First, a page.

Moose Wrecks Basement Before Colorado Parks and Wildlife Rescue: Photo

by TK Sanders
moose-wrecks-basement-before-colorado-parks-wildlife-rescue

Colorado Parks and Wildlife rescued a moose that wandered into a residential basement yesterday in Breckenridge. Or, you could say, they rescued the residents from a very large, furry visitor who didn’t look happy to be there. Either way, the moose is now loose again.

According to the wildlife bureau’s tweet, the animal fell through a snow-covered window well. Shocked and scared, the moose proceeded to bluster its way around the basement furniture for a bit before wildlife officials intervened.

Officers apparently tried to encourage the massive mammal out the front door, but the moose didn’t want to budge. The staircase leading from the basement to the ground floor doors proved too narrow to navigate for the animal. So officials had to get creative.

How Officials Rescued the Animal

Alas, it was time for the moose to take a winter’s nap. Wildlife rescuers tranquilized the moose to pacify it, and then cut off its antlers so it would fit through the staircase. Bald and sleepy, the moose was carried up the stairs and released back into the wild upon waking — happy to be alive and out of the basement.

And as for its antlers? Outsiders probably already know that moose antlers shed and regrow seasonally. So the moose’s antler trim was neither harmful nor out of the ordinary for the majestic beast. Police and fire departments were called in, as well, for manpower to help transport the enormous moose.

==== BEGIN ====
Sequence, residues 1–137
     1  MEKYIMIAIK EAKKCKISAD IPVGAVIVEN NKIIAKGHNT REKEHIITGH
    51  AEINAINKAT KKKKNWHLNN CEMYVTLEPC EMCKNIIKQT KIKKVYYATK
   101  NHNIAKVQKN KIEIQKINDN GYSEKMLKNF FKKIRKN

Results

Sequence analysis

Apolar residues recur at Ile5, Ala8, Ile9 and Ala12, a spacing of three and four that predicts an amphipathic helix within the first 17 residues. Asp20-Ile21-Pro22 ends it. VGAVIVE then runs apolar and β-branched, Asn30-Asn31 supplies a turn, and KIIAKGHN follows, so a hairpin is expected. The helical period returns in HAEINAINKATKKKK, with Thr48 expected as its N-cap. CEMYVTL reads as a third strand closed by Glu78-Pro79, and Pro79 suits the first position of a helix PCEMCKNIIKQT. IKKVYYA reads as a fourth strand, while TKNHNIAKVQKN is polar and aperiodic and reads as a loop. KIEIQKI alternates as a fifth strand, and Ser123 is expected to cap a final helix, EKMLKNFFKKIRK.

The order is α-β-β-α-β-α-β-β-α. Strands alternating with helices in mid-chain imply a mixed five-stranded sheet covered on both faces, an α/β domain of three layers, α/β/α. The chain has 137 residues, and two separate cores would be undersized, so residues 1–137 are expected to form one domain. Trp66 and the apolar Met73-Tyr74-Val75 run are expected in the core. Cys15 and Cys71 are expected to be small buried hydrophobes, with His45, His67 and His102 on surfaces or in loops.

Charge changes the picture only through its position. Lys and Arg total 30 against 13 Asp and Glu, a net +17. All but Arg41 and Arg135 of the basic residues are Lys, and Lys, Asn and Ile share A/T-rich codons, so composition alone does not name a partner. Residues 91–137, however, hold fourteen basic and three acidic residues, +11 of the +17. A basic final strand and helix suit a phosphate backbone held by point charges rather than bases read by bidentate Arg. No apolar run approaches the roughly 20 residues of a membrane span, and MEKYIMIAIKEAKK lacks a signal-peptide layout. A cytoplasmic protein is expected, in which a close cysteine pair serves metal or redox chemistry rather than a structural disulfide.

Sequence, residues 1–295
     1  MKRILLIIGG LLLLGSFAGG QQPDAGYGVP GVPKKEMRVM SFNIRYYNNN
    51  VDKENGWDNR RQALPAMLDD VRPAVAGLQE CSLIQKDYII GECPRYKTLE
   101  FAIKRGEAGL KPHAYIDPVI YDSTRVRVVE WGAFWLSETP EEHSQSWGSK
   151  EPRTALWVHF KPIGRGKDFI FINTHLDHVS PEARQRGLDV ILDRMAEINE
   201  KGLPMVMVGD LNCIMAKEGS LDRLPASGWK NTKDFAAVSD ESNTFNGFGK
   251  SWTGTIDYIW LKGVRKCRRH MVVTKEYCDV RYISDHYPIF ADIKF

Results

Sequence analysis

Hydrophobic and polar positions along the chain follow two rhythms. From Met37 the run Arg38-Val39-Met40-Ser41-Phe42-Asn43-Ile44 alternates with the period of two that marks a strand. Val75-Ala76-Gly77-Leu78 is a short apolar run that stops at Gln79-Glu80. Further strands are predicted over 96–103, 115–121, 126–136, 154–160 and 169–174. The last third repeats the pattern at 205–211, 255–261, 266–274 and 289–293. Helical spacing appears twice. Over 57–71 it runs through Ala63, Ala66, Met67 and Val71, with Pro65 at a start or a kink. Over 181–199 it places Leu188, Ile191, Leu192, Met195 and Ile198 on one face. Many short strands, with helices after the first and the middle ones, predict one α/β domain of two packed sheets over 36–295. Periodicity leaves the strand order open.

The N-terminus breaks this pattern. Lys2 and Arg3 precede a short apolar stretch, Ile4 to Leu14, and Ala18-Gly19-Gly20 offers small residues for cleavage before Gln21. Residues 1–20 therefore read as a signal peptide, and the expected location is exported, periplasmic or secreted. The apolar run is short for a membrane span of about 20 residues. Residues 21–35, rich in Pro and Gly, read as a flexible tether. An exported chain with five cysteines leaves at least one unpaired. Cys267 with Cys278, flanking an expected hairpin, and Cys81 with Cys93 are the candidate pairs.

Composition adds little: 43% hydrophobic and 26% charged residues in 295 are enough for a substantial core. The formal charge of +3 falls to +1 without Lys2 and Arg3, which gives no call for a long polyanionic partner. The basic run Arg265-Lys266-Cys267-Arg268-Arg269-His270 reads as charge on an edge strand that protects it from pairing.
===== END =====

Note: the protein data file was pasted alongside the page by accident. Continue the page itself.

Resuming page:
“It was a great team effort, and other than a small cut on its leg, the moose appeared to be healthy,” said CPW District Wildlife Manager Jake Kay.  
 
“It’s important that window wells allow people in a home to escape in the event of an emergency, but at times they can be hazards to wildlife,” said CPW Area Wildlife Manager Jeromy Huntington. “Removing vegetation that may attract wildlife around the vicinity of window wells and covering below ground window wells with approved grates that allow people to escape will reduce the likelihood of wildlife becoming trapped, or in this case, having an unwelcome visitor in the home.”

Here are some moose facts

Colorado’s Shiras moose are the state’s largest big game animal with adults weighing 800 to 1,200 pounds. Bulls stand up to 6 feet at the shoulder.

The breeding season, or rut, begins in mid-September and runs through October.

Cows give birth in May and June. Twins are common in good habitats, and Outsiders sometimes see triplets, too.

The term “moose” comes from the Algonquin Indian word meaning “eater of twigs.” The most common place to find them is around or near lots of brush for them to snack on.

Bulls grow flattened, palmated antlers with points around the edge. They can grow up to 5 feet wide in larger and older bulls. The antlers shed in early winter and re-grow each year, as noted above. It’s not uncommon to see a bull, especially a younger bull, with antlers similar to those of an elk.

Outsider.com